Opinion #525 – 11/14/1980 (43-80)
prospective clients, confidences, conflict of interests, client consent, consultation, employment, secrets
Topic: Confidences and secrets of prospective client; conflicting interests
Digest: Lawyer cannot disclose secret imparted to him by potential client, and cannot continue to represent that client or existing client with respect to subject matter of that secret
Code: DR 2-110(B)(2), 4-101(A),(B) and (C), 5-105(A),(B) and (C)
A lawyer has been consulted by his client about a theft. Thereafter an employee of the client, seeking in good faith to retain the lawyer, confesses to the lawyer that he, the employee, committed the theft.Under the circumstances stated, may the lawyer continue to represent his present client with respect to the theft or undertake to represent the thief?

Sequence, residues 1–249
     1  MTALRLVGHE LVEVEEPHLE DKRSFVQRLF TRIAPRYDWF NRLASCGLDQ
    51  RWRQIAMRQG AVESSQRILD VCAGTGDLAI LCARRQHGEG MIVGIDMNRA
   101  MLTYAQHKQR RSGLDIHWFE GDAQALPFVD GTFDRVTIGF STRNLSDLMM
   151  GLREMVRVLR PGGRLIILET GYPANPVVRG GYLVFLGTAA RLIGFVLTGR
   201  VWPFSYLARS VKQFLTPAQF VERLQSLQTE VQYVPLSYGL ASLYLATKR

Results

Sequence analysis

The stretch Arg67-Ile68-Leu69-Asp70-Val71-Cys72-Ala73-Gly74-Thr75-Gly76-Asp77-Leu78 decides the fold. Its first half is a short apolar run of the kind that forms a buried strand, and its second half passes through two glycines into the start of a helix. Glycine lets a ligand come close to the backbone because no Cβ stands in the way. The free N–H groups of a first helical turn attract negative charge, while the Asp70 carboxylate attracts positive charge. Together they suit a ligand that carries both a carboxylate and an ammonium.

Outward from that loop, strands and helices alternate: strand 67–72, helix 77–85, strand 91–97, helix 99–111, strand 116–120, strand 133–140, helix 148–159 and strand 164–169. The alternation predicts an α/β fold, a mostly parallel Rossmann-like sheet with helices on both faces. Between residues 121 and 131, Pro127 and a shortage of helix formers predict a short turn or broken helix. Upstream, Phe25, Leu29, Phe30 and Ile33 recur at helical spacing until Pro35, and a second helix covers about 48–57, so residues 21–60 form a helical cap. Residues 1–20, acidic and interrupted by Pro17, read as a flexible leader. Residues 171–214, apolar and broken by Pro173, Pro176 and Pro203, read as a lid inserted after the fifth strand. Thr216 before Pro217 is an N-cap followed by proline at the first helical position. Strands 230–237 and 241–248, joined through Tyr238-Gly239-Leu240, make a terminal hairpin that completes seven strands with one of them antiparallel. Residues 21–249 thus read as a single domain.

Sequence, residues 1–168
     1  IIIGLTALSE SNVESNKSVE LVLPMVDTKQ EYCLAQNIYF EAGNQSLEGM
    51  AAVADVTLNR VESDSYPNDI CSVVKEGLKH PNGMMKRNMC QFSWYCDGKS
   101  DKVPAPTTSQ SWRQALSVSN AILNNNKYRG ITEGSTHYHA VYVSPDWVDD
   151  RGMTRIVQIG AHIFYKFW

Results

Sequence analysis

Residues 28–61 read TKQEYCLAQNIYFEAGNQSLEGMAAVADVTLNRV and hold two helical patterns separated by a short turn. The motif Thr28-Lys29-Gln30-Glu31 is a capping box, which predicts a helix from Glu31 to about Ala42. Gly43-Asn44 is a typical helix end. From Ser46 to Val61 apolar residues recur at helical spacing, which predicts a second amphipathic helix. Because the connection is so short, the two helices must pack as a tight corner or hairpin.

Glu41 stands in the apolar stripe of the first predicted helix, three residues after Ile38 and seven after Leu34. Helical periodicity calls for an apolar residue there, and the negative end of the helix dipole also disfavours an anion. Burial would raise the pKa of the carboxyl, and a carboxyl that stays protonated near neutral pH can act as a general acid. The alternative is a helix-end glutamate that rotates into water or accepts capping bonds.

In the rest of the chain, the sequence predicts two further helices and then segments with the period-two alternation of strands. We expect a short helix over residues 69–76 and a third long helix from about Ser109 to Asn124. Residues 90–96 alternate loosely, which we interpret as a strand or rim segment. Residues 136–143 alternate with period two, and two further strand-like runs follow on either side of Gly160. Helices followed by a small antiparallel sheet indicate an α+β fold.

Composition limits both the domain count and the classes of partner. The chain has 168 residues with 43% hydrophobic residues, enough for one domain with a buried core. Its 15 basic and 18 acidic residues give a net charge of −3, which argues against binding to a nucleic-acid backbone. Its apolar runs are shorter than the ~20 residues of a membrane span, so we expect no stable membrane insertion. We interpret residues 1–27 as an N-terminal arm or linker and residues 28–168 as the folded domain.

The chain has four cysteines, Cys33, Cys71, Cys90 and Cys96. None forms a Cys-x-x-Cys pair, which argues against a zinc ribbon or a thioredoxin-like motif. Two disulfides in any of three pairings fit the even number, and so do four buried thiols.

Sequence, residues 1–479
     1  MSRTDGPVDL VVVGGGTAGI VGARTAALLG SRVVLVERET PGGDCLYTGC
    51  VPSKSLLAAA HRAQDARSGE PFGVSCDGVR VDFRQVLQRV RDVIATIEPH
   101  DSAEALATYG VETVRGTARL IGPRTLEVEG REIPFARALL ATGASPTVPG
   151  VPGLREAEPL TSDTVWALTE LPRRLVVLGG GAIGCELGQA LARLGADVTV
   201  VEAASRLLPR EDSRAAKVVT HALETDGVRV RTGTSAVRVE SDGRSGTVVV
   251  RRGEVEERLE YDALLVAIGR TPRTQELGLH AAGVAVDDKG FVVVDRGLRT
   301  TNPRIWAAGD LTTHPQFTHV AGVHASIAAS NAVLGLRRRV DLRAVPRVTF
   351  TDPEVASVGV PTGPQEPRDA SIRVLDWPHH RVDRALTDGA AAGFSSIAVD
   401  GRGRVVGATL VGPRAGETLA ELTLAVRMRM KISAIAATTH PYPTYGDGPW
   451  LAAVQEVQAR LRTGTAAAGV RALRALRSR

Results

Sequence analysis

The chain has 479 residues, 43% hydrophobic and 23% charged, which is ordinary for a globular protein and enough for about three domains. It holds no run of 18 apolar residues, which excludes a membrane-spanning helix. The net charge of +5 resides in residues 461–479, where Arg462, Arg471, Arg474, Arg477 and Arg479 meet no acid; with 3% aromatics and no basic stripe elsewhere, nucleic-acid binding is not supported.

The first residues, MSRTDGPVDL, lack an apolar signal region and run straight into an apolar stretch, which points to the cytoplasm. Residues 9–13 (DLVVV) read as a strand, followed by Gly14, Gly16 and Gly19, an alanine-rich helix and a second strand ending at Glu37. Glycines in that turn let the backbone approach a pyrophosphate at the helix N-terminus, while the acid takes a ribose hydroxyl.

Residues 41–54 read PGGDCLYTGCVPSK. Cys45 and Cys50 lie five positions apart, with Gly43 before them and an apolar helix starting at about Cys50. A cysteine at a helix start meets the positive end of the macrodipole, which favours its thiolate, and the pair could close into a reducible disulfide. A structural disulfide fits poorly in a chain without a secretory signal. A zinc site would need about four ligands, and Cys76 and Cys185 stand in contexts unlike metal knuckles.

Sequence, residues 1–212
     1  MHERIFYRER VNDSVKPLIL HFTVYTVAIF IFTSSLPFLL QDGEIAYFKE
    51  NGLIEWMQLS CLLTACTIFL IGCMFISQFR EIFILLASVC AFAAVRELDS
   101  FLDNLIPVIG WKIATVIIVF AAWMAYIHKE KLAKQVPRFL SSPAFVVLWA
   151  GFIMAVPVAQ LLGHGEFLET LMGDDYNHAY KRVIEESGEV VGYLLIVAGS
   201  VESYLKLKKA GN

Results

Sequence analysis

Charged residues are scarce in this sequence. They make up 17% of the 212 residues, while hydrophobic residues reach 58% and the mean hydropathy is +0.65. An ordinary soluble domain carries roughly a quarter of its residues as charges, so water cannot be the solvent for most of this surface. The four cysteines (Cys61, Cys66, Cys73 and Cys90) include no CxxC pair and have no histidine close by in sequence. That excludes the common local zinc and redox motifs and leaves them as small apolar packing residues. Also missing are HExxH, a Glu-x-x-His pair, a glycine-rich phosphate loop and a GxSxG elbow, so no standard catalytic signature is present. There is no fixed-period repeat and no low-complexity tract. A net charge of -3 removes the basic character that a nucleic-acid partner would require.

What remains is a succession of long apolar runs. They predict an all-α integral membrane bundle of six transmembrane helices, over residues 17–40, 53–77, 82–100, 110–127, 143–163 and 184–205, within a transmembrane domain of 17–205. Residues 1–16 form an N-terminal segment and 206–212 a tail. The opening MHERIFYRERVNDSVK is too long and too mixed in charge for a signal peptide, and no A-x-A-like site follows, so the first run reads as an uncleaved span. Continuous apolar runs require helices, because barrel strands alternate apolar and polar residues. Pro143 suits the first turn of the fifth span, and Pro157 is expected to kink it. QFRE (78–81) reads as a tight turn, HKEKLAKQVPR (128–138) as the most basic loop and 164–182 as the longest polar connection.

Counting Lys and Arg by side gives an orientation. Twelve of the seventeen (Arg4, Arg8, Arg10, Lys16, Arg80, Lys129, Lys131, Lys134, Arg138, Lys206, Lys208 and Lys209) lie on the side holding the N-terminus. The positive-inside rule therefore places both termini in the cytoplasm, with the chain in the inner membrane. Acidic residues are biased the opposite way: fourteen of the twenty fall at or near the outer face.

Information obtained by a lawyer in his professional relationship with a client is a “secret”, within the meaning of the Code of Professional Responsibility, if its disclosure would be likely to be detrimental to the client. DR 4-101(A).With certain exceptions not here relevant, a lawyer is forbidden to reveal a secret of his client, to use it to his client’s disadvantage or to use it for the advantage of a third person, in the absence of the client’s consent after full disclosure. DR 4-101(B) and (C). All of this is equally true where the “secret” is imparted in good faith by a prospective client seeking to retain the lawyer. The fact that the lawyer makes no charge and declines the retainer is irrelevant. See, e.g., N.Y. County 243 (1926) and Drinker, Legal Ethics 134 (1953).It follows that the lawyer cannot inform the client who first consulted him of the employee’s confession, nor can he use that confession to the employee’s disadvantage, without the employee’s consent. Accord, N.Y. County 241 (19116), N.Y. City 109 (1928-1929) and N.Y. City 88 (1928-1929); cf., N.Y. City 225 (1932).Clearly, the lawyer must decline the retainer offered by the employee, because even if the employee consented to disclosure of his confession, and both clients consented to the dual representation after full disclosure, it is far from “obvious that [the lawyer] can adequately represent the interest of each.” DR 5-105(C). Furthermore, without fault on his part or on the part of the client who first consulted him, he has been inadvertently placed in a position in which he cannot possibly discharge his duty to that client without revealing the secret of the employee or using it to the employee’s disadvantage. In the circumstances, he has no choice but to withdraw from the representation of the first client with respect to the matter in question. See DR 2-110(B)(2) and DR 5-105(A) and (B); see also, N.Y. City 109, supra.In rendering this opinion, we are not unmindful of the potential for abuse if an individual is permitted to compel a lawyer to withdraw from representation of a client through the simple expedient of revealing secret information to him. Our opinion is limited to the situation where, as here, the prospective client reveals confidences or secrets in a good faith effort to retain the lawyer and without any knowledge that he already represents an adverse party.For the reasons stated, the question posed is answered in the negative.